The storyteller chuckled and tousled the boy's hair. “Something like that. Ice spread out along the floor all around where Ten Kelvin knelt. Before the clones got closer than five steps, most of them fell and slid past the hero. And right in to Bearman, who was waiting at the door with a net. They were too feisty for the net, so Bearman started hitting them on the back of the head with his meaty hands, knocking them out as Ten Kelvin jumped and ducked, letting the clones slide past him.
“No matter how many were knocked out, it seemed there were always more coming. After ten minutes, Ten Kelvin got bored and started freezing the clones where they stood, looking for the one with the broken leg, the original Stan Norec.
“He found him in the vault, counting stacks of bills into a bag. Ten Kelvin called the ice again and Stan stopped counting, literally frozen in place.
“And that's the story of how Ten Kelvin and Bearman defeated The Manic Multiplier.”
The storyteller took a long drink as the children cheered and applauded.
One of the children spoke up, “But ... where did they put them? If there were so many multiples, where did they put them all?”
“You have a good ear for detail, son,” the bard said. “By the end of that fight, there were dozens of Stans. More than the jail could comfortably hold. Fortunately, there was a side effect of Stan's bizarre power. His clones only had a limited life span. While the city was still trying to decide what to do with them all, they kept the clones in a small apartment complex, with guards posted all over the place, while the original Stan was in a jail cell downtown. After a couple of days, everything was quiet in the apartments. Only three clones were left, the rest had vanished in to thin air, so they were moved to a normal jail. When a guard was taking them to the cafeteria for dinner one night, all three vanished at once, with a dozen people watching. That left only the original Stan, locked in his cell. And that is how the story really ends.”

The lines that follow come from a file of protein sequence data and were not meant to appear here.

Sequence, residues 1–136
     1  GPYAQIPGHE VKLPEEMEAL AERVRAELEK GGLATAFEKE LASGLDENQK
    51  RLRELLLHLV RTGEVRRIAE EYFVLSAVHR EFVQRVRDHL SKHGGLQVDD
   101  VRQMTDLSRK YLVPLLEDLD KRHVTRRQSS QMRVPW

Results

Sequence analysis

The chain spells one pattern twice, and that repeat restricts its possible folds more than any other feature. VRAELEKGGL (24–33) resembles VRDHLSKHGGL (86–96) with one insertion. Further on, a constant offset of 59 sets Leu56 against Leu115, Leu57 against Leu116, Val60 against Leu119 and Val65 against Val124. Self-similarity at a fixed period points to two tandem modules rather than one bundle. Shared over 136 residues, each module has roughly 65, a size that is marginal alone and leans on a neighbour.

The bard paused to dig in to his meal, then took a long drink to quench his parched throat
As the Storyteller tipped up his glass, the children excitedly chattered about Ten Kelvin, Bearman and the Manic Multiplier. "He was a lame villain anyway. Anybody could have stopped him.”
“Nuh-uh! How would Streetsweeper have stopped hm?”
“Duh. He'd just beat them all up.”
“But there were hundreds!”
“So? He's Streetsweeper! It's what he does.”
They quieted down when the Storyteller cleared his throat and set his empty glass down upside down on the table. He smiled softly as several children came forward to lay more coins on the table. In a moment, a barmaid came by with a full glass. She took the empty and enough coins to cover the cost of the drink. “Who shall we hear about next?”